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Pennsylvania lieutenant governor explains numbers tattooed on his arms

Pennsylvania lieutenant governor explains numbers tattooed on his arms
© YouTube/CBS Sunday Morning

Democratic Senate candidate John Fetterman opened up Tuesday about his physical appearance, saying he does not "look like a typical politician" while explaining the various tattoos on his arms.

The 6-foot, 8-inch Pennsylvania lieutenant governor explained in a Medium post that the tattooed numbers visible across his arms are tied to his hometown of Braddock, where he served as mayor for 14 years.

He wrote that his tattoos “are literally the first thing people Google about me.”

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“Well enough, Googling,” he added. “Today, I’ll tell you about my tattoos myself.”

Fetterman explained that the “15104” tattooed on his left arm represents the zip code of the Pittsburgh borough where he served as mayor from 2005 until he began his role as lieutenant governor in January 2019.

“My wife Gisele and I are raising our kids here in Braddock, right across the street from Andrew Carnegie’s first steel mill," he wrote.

Fetterman has nine different dates tattooed on his right arm, each indicating a day in which people were killed by violence in Braddock while he served as mayor. 

“Seven out of nine were gun deaths. I actually have to get one more date added because in June of 2018, there was another tragic loss of life,” he added, seemingly referring to the fatal drive-by shooting of an unarmed 17-year-old boy.

“Every time Braddock lost someone was the worst feeling in the world,” Fetterman wrote. “In a close-knit community like Braddock — which is home to around 2,000 people — it’s very likely that you know the victim and their family.”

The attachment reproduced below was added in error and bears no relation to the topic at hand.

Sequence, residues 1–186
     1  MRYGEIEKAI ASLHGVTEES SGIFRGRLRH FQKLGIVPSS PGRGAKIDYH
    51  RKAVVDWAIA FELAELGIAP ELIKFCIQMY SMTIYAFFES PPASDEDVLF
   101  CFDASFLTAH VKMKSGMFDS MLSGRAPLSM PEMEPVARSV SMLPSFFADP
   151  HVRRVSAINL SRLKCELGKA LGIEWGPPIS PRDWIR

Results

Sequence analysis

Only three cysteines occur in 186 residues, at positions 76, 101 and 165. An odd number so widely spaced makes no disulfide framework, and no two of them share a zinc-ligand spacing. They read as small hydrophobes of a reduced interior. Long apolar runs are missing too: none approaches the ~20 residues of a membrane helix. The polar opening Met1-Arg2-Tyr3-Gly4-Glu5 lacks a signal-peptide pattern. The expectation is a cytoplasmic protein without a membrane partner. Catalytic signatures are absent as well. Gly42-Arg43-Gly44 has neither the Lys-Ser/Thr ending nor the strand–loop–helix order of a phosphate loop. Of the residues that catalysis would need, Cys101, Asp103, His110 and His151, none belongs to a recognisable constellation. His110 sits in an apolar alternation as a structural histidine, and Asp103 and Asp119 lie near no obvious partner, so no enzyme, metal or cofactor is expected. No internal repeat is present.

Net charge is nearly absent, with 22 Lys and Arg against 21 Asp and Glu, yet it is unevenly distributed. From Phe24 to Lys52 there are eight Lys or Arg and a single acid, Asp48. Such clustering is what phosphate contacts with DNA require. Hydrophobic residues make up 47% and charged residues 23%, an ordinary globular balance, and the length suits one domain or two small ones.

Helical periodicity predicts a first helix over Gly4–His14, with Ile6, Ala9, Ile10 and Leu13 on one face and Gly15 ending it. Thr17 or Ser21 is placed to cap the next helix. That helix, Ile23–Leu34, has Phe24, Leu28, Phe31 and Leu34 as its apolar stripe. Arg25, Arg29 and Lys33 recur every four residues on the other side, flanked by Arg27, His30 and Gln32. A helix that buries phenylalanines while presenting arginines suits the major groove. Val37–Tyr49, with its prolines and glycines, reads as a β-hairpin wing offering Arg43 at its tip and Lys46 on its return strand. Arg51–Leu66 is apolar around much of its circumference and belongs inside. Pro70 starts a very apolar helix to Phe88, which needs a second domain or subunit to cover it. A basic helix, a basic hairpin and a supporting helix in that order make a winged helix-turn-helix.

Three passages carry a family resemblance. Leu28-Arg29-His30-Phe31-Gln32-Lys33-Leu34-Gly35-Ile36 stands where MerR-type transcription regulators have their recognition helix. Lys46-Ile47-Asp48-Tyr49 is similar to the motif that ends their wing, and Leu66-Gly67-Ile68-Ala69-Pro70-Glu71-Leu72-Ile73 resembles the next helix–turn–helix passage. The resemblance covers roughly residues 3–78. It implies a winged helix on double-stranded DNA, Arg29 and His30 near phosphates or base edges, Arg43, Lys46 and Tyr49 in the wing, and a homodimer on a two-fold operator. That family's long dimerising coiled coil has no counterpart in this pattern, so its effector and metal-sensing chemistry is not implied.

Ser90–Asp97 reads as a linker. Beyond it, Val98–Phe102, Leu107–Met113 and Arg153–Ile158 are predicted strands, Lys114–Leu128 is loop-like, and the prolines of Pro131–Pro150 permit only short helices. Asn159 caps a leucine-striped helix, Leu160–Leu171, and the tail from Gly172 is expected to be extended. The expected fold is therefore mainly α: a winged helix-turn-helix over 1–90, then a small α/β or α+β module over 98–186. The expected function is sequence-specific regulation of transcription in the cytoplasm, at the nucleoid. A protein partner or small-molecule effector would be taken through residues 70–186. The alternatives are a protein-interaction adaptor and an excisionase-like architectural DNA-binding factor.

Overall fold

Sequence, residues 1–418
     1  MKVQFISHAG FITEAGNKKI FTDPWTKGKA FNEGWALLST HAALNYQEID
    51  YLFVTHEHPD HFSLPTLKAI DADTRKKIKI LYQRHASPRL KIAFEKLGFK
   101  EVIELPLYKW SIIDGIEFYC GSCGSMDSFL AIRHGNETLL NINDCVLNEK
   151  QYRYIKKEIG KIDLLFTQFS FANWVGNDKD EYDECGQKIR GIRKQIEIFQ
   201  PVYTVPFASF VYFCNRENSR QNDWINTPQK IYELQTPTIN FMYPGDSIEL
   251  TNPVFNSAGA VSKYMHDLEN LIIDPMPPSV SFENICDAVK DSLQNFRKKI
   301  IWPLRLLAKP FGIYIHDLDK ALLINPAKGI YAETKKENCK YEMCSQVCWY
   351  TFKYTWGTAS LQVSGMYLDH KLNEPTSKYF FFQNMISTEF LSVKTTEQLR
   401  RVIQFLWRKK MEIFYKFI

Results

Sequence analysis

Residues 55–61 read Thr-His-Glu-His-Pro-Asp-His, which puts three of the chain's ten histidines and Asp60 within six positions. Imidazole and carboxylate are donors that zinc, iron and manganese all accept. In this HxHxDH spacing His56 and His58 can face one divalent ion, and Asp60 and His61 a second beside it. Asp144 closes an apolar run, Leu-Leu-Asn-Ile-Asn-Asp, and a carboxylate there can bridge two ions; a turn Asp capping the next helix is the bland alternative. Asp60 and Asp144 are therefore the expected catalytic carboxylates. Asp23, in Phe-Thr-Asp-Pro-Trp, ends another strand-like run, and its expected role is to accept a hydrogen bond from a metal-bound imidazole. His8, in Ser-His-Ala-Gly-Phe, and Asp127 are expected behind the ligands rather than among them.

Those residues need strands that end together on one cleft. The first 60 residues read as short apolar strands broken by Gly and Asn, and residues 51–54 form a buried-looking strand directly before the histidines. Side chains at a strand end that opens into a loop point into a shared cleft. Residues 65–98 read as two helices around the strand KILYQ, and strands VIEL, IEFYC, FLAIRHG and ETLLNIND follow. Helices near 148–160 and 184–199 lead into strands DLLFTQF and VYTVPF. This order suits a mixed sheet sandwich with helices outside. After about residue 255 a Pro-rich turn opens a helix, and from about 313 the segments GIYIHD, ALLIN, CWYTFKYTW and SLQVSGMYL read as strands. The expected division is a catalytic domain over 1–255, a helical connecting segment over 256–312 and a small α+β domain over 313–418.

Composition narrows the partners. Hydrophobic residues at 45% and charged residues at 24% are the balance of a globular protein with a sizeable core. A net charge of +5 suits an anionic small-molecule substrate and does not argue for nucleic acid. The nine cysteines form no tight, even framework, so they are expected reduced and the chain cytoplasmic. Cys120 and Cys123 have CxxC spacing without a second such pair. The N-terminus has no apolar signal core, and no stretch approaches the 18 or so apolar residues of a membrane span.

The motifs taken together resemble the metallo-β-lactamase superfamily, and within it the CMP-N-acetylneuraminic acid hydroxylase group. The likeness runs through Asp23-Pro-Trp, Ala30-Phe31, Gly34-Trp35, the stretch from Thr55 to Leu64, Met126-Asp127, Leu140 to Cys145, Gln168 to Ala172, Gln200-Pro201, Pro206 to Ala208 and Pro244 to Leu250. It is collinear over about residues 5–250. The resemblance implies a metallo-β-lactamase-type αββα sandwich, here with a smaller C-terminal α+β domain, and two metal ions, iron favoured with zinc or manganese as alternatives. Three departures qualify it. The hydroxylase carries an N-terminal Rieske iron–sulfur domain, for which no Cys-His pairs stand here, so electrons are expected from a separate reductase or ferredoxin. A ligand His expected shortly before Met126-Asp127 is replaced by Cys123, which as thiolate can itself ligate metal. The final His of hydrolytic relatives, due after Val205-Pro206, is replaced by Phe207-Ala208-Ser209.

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Fetterman has spoken about his tattoos in the past, telling "CBS Sunday Morning" in January that the dates tattooed on his arm represent "the worst days of my life because these are days we lost people through senseless violence."

“In my 15 years as Mayor, I worked with the community to take on gun violence and other important issues that Braddock faced every day,” he explained in his Medium post Tuesday, adding his “proudest moment” as mayor was when Braddock “went 5 ½ years without the loss of life due to gun violence.”

“I’m running for the U.S. Senate because I believe that every community is worth fighting for. And I promise that I will fight for every community across PA in the Senate as if it were my own,” he said,  including a link for people to make donations to his political campaign.

Fetterman, who last month formally filed papers to run for the seat of retiring Sen. Pat ToomeyPatrick (Pat) Joseph ToomeyBlack women look to build upon gains in coming elections Watch live: GOP senators present new infrastructure proposal Sasse rebuked by Nebraska Republican Party over impeachment vote MORE (R), has gained increased attention in recent months for publicly clashing with Republican legislators in his home state. 

The lieutenant governor has repeatedly replaced pro-weed and LGBTQ rights flags hanging from his office balcony after lawmakers have continued to remove them in line with a new measure that bans the display of any unapproved flag. 

Fetterman has said that he would continue to display the flags until state lawmakers legalize marijuana for recreational use or make it illegal for employers to discriminate against someone based on sexual identity and gender orientation.